Gainesville, FL, United States
Gainesville, FL, United States

Time filter

Source Type

Berger S.T.,Agronomy Dep. | Ferrell J.A.,Agronomy Dep. | Dittmar P.J.,University of Florida | Leon R.,University of West Florida
Crop, Forage and Turfgrass Management | Year: 2015

Herbicide-resistant Palmer amaranth (Amaranthus palmeri S. Wats.) is the most troublesome weed in Florida cotton (Gossypium hirsutum L.) and peanut (Arachis hypogaea L.) production. In 2012, Palmer amaranth populations were surveyed to document the extent and level of resistance to glyphosate and imazapic. Mature seedheads were sampled at 31 locations in the northwest region of Florida where cotton and peanut are predominantly produced, and in the north-central region of Florida that mainly consists of peanut production. Palmer amaranth plants were grown from field-collected seed in the greenhouse and treated with glyphosate and imazapic to establish a dose response for each population. Glyphosate-resistant Palmer amaranth was found in 11 populations that were located primarily in the northwest region, with some populations having up to 30-fold resistance. Imazapic resistance was much more widespread, being found in 29 of the 30 populations tested. Since peanut production in Florida has historically relied on successive imazapic applications, it is not surprising that widespread resistance to imazapic has developed. Resistance to both herbicides was found in 10 populations. Results from this survey reveal the magnitude of herbicide resistance in Florida and the need for growers to diversify management strategies in the future. © 2015 American Society of Agronomy and Crop Science Society of America.

Aina O.,Agronomy Dep. | Quesenberry K.,Agronomy Dep. | Gallo M.,Agronomy Dep.
Crop Science | Year: 2012

Arachis paraguariensis Chodat & Hassl. is a potential source of novel genes for the genetic improvement of cultivated peanut (Arachis hypogaea L.) because some of its accessions show high levels of resistance to early leaf spot caused by Cercospora arachidicola Hori. In this study, induction of high frequency shoot regeneration from quartered-seed explants was accomplished for six plant introductions of A. paraguariensis under continuous light on Murashige and Skoog (MS) medium containing 4.4 mg L -1 thidiazuron (TDZ) in combination with 2.2 mg L -1 6-γ-γ-(dimethylallylamino)-purine (2ip). Recovery of a moderately high number of plantlets per quarter seed cultured was also achieved on medium containing 4.4 mg L -1 thidiazuron in combination with 1.1 to 4.4 mg L -1 6-benzylaminopurine (BAP) with bud formation occurring as early as 1 wk after culture initiation. There were no differences in seed production or in early leaf spot incidence between plants of two genotypes of A. paraguariensis derived from seeds vs. in vitro tissue culture derived plants; however, cultivated peanut cv. Florunner had a higher incidence of early leaf spot. © Crop Science Society of America.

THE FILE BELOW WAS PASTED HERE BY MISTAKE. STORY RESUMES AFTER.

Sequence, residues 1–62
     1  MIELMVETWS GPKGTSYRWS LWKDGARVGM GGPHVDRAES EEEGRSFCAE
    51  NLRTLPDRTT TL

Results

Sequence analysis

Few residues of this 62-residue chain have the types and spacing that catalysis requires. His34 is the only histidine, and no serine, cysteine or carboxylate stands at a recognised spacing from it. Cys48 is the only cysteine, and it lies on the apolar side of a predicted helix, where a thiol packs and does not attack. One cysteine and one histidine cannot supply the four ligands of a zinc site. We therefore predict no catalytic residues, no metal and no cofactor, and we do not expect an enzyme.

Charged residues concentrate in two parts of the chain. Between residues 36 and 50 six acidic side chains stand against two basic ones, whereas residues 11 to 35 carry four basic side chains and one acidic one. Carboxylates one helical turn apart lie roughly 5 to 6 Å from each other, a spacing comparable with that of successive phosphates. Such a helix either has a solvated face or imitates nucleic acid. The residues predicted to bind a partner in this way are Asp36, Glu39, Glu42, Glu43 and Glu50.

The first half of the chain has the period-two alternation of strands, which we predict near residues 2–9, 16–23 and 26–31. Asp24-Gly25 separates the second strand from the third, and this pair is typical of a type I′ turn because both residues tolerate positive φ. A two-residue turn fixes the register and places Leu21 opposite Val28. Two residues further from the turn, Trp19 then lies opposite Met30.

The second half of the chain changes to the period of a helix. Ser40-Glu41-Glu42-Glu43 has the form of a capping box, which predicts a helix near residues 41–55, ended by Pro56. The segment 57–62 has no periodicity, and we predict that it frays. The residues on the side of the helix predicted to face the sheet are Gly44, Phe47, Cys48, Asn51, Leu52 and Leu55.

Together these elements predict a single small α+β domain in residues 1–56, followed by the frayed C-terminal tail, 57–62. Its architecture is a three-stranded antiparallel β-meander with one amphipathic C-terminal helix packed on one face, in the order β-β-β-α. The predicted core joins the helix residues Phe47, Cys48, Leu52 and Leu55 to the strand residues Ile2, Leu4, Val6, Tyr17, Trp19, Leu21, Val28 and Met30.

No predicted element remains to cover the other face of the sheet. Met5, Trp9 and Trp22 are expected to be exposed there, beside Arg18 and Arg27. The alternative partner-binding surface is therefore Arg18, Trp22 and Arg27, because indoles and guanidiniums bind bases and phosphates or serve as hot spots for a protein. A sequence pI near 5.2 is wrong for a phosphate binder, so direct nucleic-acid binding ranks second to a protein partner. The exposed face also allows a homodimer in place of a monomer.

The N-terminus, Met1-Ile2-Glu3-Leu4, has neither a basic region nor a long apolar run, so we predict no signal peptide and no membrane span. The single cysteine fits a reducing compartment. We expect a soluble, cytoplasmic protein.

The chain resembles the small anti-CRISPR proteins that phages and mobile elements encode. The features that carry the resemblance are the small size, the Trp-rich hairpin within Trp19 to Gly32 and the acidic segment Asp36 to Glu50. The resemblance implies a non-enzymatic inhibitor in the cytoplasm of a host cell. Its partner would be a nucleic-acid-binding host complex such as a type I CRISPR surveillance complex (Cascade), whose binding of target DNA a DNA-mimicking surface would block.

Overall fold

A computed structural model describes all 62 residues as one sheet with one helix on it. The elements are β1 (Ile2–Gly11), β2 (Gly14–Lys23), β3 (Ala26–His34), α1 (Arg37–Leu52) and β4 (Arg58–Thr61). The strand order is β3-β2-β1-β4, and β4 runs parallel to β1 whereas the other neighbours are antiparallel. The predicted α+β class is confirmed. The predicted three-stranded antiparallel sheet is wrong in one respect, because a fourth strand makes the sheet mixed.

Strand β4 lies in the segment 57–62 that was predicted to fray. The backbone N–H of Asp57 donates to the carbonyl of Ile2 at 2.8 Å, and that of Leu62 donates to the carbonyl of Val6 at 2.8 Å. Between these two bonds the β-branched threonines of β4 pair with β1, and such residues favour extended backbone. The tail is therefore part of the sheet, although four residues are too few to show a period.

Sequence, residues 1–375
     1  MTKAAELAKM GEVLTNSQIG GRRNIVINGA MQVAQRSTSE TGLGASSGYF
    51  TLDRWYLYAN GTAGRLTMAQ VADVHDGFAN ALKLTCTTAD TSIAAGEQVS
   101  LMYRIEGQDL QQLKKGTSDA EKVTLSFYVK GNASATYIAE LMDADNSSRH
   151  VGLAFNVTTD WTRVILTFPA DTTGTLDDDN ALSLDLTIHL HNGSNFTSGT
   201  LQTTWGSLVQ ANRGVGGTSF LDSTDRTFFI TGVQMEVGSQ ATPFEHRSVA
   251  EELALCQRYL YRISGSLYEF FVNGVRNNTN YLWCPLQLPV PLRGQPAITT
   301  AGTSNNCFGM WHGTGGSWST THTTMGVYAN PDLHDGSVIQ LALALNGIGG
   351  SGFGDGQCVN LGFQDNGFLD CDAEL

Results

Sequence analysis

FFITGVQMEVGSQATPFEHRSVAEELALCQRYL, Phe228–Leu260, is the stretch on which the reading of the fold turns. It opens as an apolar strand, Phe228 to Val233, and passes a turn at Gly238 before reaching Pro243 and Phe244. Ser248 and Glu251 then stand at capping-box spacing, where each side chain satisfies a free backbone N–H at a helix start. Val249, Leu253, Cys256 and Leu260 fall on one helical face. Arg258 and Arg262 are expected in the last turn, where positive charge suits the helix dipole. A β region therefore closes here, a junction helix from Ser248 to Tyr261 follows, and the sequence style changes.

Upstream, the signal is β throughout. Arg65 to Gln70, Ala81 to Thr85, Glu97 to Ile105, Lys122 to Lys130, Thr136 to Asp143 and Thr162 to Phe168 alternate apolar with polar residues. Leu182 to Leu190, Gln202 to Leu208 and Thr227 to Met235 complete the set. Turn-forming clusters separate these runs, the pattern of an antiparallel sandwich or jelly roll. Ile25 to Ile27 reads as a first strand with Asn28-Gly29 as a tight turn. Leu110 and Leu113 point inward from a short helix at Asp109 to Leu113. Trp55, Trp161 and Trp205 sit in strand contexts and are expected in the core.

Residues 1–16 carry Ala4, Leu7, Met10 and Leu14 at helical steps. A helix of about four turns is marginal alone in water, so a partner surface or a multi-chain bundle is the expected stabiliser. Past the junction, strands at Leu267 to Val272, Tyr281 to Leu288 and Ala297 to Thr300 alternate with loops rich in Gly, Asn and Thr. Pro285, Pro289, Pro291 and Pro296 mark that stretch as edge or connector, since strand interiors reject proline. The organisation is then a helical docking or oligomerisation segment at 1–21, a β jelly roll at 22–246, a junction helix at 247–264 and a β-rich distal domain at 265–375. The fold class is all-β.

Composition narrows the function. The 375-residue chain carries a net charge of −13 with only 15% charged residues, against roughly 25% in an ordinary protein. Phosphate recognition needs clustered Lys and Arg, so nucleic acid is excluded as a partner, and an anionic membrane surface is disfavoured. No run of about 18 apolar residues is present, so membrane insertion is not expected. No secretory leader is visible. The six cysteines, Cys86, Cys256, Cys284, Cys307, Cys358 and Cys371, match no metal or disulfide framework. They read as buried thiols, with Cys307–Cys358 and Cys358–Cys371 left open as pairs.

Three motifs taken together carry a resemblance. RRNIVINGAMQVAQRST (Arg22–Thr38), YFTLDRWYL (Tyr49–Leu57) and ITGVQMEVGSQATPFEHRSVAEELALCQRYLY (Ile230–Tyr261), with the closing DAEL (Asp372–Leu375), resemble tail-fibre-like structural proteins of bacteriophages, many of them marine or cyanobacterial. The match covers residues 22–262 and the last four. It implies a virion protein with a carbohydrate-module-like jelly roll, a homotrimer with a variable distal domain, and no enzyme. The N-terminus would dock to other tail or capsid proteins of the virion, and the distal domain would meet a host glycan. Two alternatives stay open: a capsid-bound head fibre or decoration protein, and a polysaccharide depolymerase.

Ramirez-Villegas J.,International Center for Tropical Agriculture | Ramirez-Villegas J.,CGIAR Research Program on Climate Change | Ramirez-Villegas J.,University of Leeds | Boote K.J.,Agronomy Dep. | And 2 more authors.
Agricultural and Forest Meteorology | Year: 2016

Common bean production in Goiás, Brazil is concentrated in the same geographic area, but spread across three distinct growing seasons, namely, wet, dry and winter. In the wet and dry seasons, common beans are grown under rainfed conditions, whereas the winter sowing is fully irrigated. The conventional breeding program performs all varietal selection stages solely in the winter season, with rainfed environments being incorporated in the breeding scheme only through the multi environment trials (METs) where basically only yield is recorded. As yield is the result of many interacting processes, it is challenging to determine the events (abiotic or biotic) associated with yield reduction in the rainfed environments (wet and dry seasons). To improve our understanding of rainfed dry bean production so as to produce information that can assist breeders in their efforts to develop stress-tolerant, high-yielding germplasm, we characterized environments by integrating weather, soil, crop and management factors using crop simulation models. Crop simulations based on two commonly grown cultivars (Pérola and BRS Radiante) and statistical analyses of simulated yield suggest that both rainfed seasons, wet and dry, can be divided in two groups of environments: highly favorable environment and favorable environment. For the wet and dry seasons, the highly favorable environment represents 44% and 58% of production area, respectively. Across all rainfed environment groups, terminal and/or reproductive drought stress occurs in roughly one fourth of the seasons (23.9% for Pérola and 24.7% for Radiante), with drought being most limiting in the favorable environment group in the dry TPE. Based on our results, we argue that even though drought-tailoring might not be warranted, the common bean breeding program should adapt their selection practices to the range of stresses occurring in the rainfed TPEs to select genotypes more suitable for these environments. © 2016 Elsevier B.V.

Loading Agronomy Dep. collaborators
Loading Agronomy Dep. collaborators